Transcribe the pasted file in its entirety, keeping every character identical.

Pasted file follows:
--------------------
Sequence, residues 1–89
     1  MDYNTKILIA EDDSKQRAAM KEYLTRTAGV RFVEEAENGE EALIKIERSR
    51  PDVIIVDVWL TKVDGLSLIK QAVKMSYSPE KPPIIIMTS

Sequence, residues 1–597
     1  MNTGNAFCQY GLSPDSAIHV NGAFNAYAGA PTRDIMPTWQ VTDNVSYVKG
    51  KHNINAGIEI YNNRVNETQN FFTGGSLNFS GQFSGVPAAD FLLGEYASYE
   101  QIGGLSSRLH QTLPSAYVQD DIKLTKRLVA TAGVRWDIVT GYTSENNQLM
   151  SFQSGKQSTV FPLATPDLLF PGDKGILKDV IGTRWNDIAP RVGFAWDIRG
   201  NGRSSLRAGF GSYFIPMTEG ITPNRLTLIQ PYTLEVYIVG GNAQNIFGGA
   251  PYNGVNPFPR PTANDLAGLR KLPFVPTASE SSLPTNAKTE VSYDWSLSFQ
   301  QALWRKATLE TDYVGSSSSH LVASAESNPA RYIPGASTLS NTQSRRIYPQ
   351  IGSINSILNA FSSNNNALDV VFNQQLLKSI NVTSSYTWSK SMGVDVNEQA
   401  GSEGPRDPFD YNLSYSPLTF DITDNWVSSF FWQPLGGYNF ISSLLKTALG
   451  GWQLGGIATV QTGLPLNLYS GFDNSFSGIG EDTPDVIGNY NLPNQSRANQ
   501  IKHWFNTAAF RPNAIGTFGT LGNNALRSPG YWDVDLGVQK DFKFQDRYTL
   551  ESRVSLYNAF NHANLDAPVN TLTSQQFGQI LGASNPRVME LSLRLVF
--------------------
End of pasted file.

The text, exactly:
Sequence, residues 1–89
     1  MDYNTKILIA EDDSKQRAAM KEYLTRTAGV RFVEEAENGE EALIKIERSR
    51  PDVIIVDVWL TKVDGLSLIK QAVKMSYSPE KPPIIIMTS

Sequence, residues 1–597
     1  MNTGNAFCQY GLSPDSAIHV NGAFNAYAGA PTRDIMPTWQ VTDNVSYVKG
    51  KHNINAGIEI YNNRVNETQN FFTGGSLNFS GQFSGVPAAD FLLGEYASYE
   101  QIGGLSSRLH QTLPSAYVQD DIKLTKRLVA TAGVRWDIVT GYTSENNQLM
   151  SFQSGKQSTV FPLATPDLLF PGDKGILKDV IGTRWNDIAP RVGFAWDIRG
   201  NGRSSLRAGF GSYFIPMTEG ITPNRLTLIQ PYTLEVYIVG GNAQNIFGGA
   251  PYNGVNPFPR PTANDLAGLR KLPFVPTASE SSLPTNAKTE VSYDWSLSFQ
   301  QALWRKATLE TDYVGSSSSH LVASAESNPA RYIPGASTLS NTQSRRIYPQ
   351  IGSINSILNA FSSNNNALDV VFNQQLLKSI NVTSSYTWSK SMGVDVNEQA
   401  GSEGPRDPFD YNLSYSPLTF DITDNWVSSF FWQPLGGYNF ISSLLKTALG
   451  GWQLGGIATV QTGLPLNLYS GFDNSFSGIG EDTPDVIGNY NLPNQSRANQ
   501  IKHWFNTAAF RPNAIGTFGT LGNNALRSPG YWDVDLGVQK DFKFQDRYTL
   551  ESRVSLYNAF NHANLDAPVN TLTSQQFGQI LGASNPRVME LSLRLVF